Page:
MS: I’ll definitely check that out. As far as advice, what would Rhett Miller of today tell a younger Rhett just starting out?

RM: I tend not to be very nostalgic and I don’t get caught up in “then and now” thoughts, but it does occur to me every once in a while when something really cool happens, I’ll think, “What does 15 year old me think about this incredible moment?” you know, where I’m hanging out with X, my favorite band from when I was 15 or whatever. When I was 15 I was just so caught up in the angst of that transitional, becoming an adult. I would just tell myself, “Take a deep breath. Everything’s going to be cool. Don’t worry so much about what other people think about you because, what do they fucking know?”

MS: On that same line, what’s the best advice you’ve ever been given?

RM: Well, speaking of X, John Doe gave me some advice that I think back on a lot, where he said, “You don’t want to be a bar band.” He said, “You’re better than that, you don’t want to spend your life just being in a bar band.” And I was like, “Yeah, that’s a good point.” I mean, I still play bars all the time, but there’s a difference between being just in a bar band and being an artist and I know that word is so…I don’t know…it’s just annoying, but, the word artist, but you do have to think of yourself as that. You’re creating something that didn’t exist before you sat down and thought it up and its…however incongruently it makes the world a better place and that’s a noble thing and it’s easy to just get caught up in this thought like, “Ah, I go around the country shaking my ass and selling beer for-you know-bar owners, but there’s more to it than that and there is something noble about this weird job.


MS: Well said. As far as your art, when you’re creating, are you critical about yourself or are you able to put that art, your music, out there and let it go out where it goes or do you beat yourself up about it sometimes?

RM: Yeah, I’m definitely self-critical, but I think you kind of have to be because, when I’m writing the songs, it’s not like I have a focus-group that I can sit down and play them for and get all the feedback. I’ve got my friends, and my wife, my bandmates (laughs) there is something of a focus group. You know, for the first-however long- part of that song’s life, it’s just me. So, I’ve got to be really self-critical about it because if I start walking out with a…trotting out a bunch of crappy stuff, it’s going to diminish my legacy or whatever; the catalog that I’ve worked so hard to make sure is pretty consistently good. You put out just a couple of stinkers and then everything else gets called into question. So yeah, I’m a pretty harsh self-critic, but I found a way to make it not hurt so much.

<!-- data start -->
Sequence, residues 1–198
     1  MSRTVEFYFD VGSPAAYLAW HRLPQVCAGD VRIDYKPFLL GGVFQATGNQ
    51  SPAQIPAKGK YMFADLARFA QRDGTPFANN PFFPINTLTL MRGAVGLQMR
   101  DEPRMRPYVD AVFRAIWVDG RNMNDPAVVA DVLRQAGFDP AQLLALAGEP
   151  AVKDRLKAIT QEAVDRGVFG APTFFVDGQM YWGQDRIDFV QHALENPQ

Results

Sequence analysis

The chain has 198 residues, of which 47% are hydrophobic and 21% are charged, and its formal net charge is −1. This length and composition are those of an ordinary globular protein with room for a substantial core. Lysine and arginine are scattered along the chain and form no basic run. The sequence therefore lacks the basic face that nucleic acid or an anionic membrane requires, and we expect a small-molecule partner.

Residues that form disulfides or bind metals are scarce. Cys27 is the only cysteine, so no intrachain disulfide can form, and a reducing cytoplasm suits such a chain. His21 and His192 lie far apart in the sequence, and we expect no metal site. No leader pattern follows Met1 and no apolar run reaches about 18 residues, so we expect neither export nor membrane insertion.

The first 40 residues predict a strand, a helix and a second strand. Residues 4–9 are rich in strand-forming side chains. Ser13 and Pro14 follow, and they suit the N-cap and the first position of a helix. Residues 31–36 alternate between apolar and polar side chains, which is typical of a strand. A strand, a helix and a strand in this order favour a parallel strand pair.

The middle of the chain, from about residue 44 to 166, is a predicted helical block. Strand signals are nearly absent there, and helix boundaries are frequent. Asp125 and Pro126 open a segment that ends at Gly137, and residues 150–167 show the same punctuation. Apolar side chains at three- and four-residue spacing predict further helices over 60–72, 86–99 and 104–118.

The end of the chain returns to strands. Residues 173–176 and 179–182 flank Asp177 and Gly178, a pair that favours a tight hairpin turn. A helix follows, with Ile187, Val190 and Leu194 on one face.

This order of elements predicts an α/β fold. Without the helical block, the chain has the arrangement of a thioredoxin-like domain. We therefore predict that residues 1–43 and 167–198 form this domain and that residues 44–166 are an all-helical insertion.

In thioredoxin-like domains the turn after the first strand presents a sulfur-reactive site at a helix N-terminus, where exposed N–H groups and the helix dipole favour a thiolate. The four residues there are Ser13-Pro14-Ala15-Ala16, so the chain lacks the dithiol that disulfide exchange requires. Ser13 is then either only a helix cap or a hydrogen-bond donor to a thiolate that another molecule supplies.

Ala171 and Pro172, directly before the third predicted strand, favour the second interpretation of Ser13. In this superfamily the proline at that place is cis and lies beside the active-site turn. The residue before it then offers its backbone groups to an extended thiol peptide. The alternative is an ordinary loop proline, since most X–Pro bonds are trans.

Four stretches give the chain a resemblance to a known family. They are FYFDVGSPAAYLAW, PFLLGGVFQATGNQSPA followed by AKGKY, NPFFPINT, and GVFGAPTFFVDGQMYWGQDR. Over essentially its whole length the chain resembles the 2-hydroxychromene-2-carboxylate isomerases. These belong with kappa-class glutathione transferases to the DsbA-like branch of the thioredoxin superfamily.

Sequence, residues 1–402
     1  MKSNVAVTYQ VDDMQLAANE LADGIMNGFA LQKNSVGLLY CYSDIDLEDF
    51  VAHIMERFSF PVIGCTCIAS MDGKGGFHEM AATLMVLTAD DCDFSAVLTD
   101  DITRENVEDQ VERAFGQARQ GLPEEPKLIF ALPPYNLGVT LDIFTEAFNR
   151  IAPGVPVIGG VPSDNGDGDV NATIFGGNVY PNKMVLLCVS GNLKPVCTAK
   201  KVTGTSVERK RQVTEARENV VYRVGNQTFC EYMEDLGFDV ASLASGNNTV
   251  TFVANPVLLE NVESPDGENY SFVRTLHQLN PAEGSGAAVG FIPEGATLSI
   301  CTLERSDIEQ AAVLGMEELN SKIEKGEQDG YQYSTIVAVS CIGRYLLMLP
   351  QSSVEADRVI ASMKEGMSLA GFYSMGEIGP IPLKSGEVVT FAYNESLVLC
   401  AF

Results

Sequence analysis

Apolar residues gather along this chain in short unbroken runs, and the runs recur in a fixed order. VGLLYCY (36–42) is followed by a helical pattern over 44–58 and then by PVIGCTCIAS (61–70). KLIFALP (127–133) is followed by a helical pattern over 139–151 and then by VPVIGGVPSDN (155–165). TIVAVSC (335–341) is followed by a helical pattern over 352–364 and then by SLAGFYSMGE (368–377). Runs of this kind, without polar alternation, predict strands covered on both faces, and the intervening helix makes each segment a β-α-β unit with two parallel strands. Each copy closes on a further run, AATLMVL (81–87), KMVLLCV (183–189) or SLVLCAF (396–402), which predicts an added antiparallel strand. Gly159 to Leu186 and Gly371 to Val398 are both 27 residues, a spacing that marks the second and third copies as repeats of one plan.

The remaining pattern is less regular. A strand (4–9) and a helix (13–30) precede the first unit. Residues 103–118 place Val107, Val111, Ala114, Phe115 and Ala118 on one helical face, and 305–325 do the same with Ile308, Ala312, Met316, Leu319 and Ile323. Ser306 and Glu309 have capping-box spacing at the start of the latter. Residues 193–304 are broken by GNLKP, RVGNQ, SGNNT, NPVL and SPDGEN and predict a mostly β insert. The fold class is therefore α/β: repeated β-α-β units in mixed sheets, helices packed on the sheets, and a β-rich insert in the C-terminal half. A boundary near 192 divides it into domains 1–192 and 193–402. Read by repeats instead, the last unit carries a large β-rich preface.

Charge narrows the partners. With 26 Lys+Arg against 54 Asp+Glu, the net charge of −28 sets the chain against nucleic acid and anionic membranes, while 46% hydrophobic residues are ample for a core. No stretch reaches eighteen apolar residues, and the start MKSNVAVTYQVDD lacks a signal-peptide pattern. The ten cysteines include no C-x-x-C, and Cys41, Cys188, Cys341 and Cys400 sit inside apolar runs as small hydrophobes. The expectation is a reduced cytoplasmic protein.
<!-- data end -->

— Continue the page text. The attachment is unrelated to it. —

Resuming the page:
MS: What are you looking forward to in 2013?

RM: I’m hoping that I’m not spreading myself too thin, but I’ve got this list of different things I’d like to do; there’s a solo record that coming together, there’s a 97’s idea for a record that’s sort of theme record that I don’t want to jinx it by getting too into it, but there’s a 97’s record that I want to do. I’m talking to Murry about a Ranchero Brothers’ which is our sort of side project, alter ego band and then, as I said, I’m also really focusing on trying to write fiction, so I hope I’m not spreading myself too thin. I’d like to become more of a Renaissance person.

MS: I think you’ve already accomplished that, but that’s just my opinion.

RM: Thanks, Michael.

MS: This is a crazy question; a food question. Do you prefer crunchy or creamy peanut butter?

RM: Crunchy! I don’t even understand why people would want creamy peanut butter. It’s just boring and bland. Peanuts…you want peanuts in your peanut butter.

MS: Very true. I’m a crunchy fan. This is the last question for you Rhett; is there anything else you want to add for the fans coming to your show in Pensacola, Florida?

RM: For a long time, the 97’s and I have neglected Florida and we’re really trying to make up for it. If you look at the last couple of years of our itineraries, you’ll see we’ve done a lot of Florida. The 97’s are coming through in February-three or four Florida dates-I’ll be there solo in Pensacola…or is Pensacola a 97’s show.

MS: Both. Solo and 97’s show in Pensacola.

RM: Then, I’m also playing on March 1st. I’m playing a festival in Panama City. Yeah. Panama City Beach, Florida. That’s close to Pensacola, right?

MS: Yes.

RM: Oh good, because I’m flying out of Pensacola the next morning. Yes, so that should also be a blast. I’ll get to play a full solo acoustic show at Panama City Beach March 1.

MS: Are you going to get a chance to enjoy the beach? Because the beaches here are gorgeous, I have to say.

RM: Believe me, I know. My wife’s family goes down to Florida every year and so we get to go down a lot. I’m a big fan, I don’t even mind all the old people so much.

MS: That’s true. We have a lot here. Rhett, is there anything else you wanted to say? I appreciate talking with you finally.

RM: No, but it’s going to be fun. I’ll definitely be enjoying the sunshine in Florida. Where I’m at right now, it’s 16 degrees outside.

MS: Stay warm. Well, thank you so much Rhett, It’s been a pleasure speaking with you.

RM: You too and who was it that you said was a big fan? Was a girlfriend or just a friend?

MS: We’re best of friends. I’m the godfather of her kids. Shannon McGraw. She lives in Springfield, Missouri. Actually, she has a photo of you and her together at a show, I think in Missouri and that’s her profile picture on Facebook, she’s a huge fan, a great mom, a great friend, and she loves your music.

RM: That’s sweet. Well, tell her if she wants to remind me about any kind of a song request or whatever, tell her to hit me up on Twitter is usually the best. I don’t check Facebook as much, but Twitter is the best.

– Michael L. Smith